"My early work was heavily influenced by Degas. This is one of my favorite pieces...” - Joe Rubinstein
Edgar Degas (1834 – 1917) was a French artist especially identified with the subject of dance and movement. He famously created pastel drawings and oil paintings of ballerinas, as well as bronze sculptures, prints and drawings. Art historians credit Degas for demonstrating high levels of psychological complexity in his portraits, and a keen ability for the portrayal of human isolation.
The sculpture was first exhibited in 1881. Titled, ‘The Little Dancer of Fourteen Years’, this nearly life-size wax figure with real hair and dressed in a cloth tutu provoked a strong reaction from critics, most of whom found its realism extraordinary but denounced the dancer as ugly.
Joe Rubinstein came to paint this portrait composition after repeatedly discovering an exhibition of ‘The Little Dancer of Fourteen Years’ at museums around the United States. While touring comic culture events, Joe often steps out into the city to visit a local gallery or museum. His admiration for Degas and continued interaction with the little ballerina inspired his creation.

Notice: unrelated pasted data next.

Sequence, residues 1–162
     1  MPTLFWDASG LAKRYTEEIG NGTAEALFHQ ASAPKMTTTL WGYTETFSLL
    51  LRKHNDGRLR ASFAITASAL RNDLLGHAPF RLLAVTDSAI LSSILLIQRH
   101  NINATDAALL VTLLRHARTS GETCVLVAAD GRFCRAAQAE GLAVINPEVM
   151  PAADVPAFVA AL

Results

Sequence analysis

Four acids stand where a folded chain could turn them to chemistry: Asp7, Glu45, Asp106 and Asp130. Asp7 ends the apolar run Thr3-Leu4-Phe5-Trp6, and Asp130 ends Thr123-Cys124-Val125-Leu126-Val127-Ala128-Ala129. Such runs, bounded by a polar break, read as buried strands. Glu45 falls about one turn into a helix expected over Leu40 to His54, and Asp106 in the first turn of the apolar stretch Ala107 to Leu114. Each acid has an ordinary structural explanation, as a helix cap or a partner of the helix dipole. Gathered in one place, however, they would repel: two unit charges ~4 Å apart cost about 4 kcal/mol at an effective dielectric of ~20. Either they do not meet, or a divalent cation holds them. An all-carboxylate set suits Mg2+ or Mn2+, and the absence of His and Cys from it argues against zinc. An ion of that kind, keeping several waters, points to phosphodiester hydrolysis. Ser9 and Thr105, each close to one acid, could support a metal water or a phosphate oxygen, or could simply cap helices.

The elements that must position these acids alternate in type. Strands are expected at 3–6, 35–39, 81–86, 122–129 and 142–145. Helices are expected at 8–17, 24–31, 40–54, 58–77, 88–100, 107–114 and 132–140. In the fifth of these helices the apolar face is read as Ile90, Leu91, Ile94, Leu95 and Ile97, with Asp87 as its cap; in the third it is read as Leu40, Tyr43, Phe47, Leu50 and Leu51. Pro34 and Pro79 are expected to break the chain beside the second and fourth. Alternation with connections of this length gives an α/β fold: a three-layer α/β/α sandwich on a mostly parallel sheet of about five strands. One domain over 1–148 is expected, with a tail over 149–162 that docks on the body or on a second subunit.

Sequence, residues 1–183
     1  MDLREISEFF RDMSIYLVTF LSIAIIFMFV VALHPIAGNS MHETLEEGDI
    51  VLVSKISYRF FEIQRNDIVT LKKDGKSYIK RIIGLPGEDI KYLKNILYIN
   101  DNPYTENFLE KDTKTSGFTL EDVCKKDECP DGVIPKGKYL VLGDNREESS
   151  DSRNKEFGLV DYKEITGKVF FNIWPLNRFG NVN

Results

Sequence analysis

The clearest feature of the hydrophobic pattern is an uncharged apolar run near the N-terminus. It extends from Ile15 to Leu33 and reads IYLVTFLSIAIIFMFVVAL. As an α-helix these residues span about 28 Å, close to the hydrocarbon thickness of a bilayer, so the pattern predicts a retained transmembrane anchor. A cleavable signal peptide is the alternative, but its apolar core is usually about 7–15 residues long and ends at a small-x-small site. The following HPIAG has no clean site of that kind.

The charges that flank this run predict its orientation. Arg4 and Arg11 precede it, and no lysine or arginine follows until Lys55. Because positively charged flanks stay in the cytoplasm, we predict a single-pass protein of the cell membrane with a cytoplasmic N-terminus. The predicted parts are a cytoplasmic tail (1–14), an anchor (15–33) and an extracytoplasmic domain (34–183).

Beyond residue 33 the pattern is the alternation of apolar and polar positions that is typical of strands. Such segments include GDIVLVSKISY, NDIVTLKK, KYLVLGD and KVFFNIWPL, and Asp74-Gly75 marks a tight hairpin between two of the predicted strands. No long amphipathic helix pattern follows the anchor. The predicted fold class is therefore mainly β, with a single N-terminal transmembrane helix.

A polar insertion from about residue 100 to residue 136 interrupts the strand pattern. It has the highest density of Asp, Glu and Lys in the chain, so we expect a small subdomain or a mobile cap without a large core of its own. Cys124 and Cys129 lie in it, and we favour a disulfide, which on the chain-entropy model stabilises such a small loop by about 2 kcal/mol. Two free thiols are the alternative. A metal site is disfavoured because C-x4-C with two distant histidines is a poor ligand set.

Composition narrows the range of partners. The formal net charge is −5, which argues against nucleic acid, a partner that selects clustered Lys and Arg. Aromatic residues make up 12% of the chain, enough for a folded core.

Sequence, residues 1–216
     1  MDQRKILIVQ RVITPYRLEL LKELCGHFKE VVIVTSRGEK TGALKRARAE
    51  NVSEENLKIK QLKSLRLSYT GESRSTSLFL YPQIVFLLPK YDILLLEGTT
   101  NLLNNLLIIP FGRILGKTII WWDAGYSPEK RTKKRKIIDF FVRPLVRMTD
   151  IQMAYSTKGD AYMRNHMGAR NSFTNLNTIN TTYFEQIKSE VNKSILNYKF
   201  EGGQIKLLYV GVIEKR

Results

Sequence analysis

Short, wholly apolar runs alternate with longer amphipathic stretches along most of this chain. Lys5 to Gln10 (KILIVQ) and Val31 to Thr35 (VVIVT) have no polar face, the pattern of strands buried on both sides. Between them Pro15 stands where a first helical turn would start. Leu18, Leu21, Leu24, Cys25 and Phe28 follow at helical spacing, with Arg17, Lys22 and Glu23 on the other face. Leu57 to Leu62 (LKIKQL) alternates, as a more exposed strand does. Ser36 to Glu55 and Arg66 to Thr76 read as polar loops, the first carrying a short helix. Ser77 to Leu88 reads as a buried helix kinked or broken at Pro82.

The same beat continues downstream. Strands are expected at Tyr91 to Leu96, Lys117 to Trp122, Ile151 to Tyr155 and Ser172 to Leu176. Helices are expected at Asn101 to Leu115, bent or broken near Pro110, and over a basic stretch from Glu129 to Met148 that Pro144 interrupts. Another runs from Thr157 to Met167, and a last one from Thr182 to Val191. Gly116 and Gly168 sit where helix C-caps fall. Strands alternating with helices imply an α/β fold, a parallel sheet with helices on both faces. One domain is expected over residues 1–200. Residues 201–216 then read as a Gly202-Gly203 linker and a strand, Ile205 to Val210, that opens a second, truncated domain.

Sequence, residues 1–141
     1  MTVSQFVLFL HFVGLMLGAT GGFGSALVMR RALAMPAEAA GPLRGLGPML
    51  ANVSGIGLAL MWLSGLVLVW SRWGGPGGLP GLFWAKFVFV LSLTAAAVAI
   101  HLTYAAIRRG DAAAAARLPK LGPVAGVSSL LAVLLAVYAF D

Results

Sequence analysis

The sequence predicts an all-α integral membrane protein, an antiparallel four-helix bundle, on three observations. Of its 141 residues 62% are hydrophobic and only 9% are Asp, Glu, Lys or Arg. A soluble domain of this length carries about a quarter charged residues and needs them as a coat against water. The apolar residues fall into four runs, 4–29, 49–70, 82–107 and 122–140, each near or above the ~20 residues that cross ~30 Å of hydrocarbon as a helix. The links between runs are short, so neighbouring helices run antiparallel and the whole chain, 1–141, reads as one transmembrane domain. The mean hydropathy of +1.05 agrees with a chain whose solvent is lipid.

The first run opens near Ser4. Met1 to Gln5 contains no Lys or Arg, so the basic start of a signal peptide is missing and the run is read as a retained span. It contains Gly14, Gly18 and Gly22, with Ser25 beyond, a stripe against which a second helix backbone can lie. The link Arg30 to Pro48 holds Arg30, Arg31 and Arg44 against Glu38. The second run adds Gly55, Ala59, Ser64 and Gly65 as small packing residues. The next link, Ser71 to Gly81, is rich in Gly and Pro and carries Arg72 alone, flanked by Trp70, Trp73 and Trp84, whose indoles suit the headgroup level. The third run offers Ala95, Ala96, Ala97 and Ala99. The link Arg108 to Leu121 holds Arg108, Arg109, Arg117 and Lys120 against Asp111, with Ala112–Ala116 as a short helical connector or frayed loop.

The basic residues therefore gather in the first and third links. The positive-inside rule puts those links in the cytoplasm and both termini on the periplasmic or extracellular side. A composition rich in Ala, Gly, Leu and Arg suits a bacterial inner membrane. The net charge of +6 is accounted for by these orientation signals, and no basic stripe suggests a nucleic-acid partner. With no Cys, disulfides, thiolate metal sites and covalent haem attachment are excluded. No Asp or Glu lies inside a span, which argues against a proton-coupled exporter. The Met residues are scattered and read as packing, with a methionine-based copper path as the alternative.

"My early work was heavily influenced by Degas. This is one of my favorite pieces. I thought her body gesture was best seen in profile. I love her face so much so I layered the close up and full figure and did it in watercolor to speak more to her delicacy.” – Joe Rubinstein
Josef "Joe" Rubinstein, born in Germany 1958 is a Hall of Fame comic book artist whose storied career spans more than four decades with notable credits that include the acclaimed 1982 Wolverine mini-series, the Infinity Gauntlet series and The Official Handbook of the Marvel Universe. Joe is known to be the artist to have given artist Art Adams (the Uncanny X-Men) his first professional work and nurtured the careers of Kyle Baker (Plastic Man), Jose Marzan, Jr. (The Flash) and Dale Keown (The Incredible Hulk). Joe’s record-setting post on Marvel Comics' saw him ink more pencillers than any other inker in history (and more than 2,500 comic books). He currently enjoys exploring painting techniques and creating portraits.